Ata-ur-Rehman, the former Pakistan fast bowler, is planning to appeal to the ICC to let him resume his career as a club professional in England.
Rehman, 30, was one of those implicated in Pakistan's controversial match-fixing inquiry five years ago - he admitted to lying under oath after initial statements - and has been serving a life ban from the game handed him by the ICC.
Speaking to BBC Sport, Rehman now claims that he has been cleared by a judge. "I am a British citizen now," he clarified. "But I am not getting any contract from any club because they say I must get clearance from the ICC." For its part, the ICC maintains that permission must be granted by the England and Wales Cricket Board since it governs English county cricket.
In 2000, Rehman was called upon by Justice Malik Qayyum and asked to testify in regard to the allegations against him. Rehman initially told the court that Wasim Akram, his former team-mate, had given him £942 to under-perform in a one-day international in New Zealand in March 1994; subsequently, he withdrew his testimony and admitted to perjury in an affidavit signed in London.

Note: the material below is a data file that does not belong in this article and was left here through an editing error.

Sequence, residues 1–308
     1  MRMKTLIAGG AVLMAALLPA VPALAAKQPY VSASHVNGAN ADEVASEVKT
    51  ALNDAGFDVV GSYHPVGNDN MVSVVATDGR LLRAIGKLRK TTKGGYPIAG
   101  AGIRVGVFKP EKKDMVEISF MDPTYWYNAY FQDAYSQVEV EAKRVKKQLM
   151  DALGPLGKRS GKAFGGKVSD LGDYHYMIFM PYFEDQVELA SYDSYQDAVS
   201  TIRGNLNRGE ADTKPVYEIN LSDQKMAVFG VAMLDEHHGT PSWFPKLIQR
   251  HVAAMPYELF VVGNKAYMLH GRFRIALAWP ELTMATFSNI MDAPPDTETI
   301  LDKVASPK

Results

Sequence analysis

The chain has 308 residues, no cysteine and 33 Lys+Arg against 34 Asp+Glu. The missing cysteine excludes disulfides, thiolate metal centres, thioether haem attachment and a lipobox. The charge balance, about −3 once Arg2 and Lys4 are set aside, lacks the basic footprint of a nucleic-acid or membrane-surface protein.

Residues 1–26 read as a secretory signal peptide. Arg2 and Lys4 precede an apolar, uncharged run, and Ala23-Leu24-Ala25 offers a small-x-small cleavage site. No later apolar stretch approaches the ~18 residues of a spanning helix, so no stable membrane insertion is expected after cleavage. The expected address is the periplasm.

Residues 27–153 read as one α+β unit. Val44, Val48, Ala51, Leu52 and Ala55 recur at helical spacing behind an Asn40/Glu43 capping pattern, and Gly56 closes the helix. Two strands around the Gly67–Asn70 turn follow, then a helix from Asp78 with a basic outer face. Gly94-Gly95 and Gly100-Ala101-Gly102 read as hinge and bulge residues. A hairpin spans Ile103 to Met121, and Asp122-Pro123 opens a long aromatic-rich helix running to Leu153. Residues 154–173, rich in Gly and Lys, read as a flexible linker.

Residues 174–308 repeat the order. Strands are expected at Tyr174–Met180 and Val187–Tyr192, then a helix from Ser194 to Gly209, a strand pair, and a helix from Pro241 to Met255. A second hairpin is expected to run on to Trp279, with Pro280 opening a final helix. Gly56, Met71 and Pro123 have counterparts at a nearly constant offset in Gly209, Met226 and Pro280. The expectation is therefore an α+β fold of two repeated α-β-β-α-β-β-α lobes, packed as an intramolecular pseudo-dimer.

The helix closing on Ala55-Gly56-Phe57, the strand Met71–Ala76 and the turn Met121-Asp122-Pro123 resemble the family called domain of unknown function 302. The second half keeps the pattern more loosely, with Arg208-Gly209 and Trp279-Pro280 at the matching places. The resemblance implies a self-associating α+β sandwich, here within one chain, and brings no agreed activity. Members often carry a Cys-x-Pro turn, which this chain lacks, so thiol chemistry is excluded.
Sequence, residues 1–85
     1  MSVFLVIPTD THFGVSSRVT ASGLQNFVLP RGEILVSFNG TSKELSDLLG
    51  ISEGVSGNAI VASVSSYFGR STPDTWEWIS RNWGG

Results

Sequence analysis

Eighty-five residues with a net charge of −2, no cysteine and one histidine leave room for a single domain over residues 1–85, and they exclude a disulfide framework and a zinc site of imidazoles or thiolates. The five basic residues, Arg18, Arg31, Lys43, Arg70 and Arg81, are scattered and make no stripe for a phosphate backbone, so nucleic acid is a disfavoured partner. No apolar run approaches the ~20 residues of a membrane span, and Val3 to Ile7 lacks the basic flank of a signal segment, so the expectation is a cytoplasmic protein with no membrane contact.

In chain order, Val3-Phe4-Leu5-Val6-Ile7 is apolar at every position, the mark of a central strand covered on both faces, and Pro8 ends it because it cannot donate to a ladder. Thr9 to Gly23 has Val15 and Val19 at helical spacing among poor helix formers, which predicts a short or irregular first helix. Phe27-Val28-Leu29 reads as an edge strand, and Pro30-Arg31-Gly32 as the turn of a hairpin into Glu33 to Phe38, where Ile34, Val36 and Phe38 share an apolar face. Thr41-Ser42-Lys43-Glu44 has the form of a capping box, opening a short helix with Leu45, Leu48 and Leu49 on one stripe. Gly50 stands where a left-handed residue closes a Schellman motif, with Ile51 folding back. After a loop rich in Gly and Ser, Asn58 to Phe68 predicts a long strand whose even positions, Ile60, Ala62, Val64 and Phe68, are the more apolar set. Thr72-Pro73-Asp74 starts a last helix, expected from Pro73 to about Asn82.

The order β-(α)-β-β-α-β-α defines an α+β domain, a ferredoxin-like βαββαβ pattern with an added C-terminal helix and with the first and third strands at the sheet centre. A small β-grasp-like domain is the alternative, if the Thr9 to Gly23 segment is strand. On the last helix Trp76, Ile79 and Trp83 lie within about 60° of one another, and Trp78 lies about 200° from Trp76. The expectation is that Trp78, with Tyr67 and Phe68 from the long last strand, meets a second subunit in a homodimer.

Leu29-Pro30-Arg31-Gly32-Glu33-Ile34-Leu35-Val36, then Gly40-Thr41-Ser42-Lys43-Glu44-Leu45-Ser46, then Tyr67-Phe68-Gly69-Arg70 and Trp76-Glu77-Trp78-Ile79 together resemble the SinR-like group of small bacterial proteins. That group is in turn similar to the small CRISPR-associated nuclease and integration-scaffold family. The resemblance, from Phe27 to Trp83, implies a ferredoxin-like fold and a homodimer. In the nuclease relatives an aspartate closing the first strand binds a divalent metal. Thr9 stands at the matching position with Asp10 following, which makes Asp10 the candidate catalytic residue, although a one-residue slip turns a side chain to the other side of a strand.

Akram, fined for failing to co-operate with the inquiry, had no action taken against him as far as the scandal is concerned. It was advocated by Justice Qayyum, however, that he never be allowed to captain his country again.
Rehman, only 17 when he made his debut for Pakistan in England in 1992, played 13 Tests and 30 one-dayers. He has turned up for the English club Blackburn Northern in the past as well. He is one of five players to receive life bans as a result of match-fixing investigations, the others being Salim Malik, a former Pakistan captain, India's Mohammad Azharuddin and Ajay Sharma, and the late Hansie Cronje, perhaps the most controversial cricketer of them all.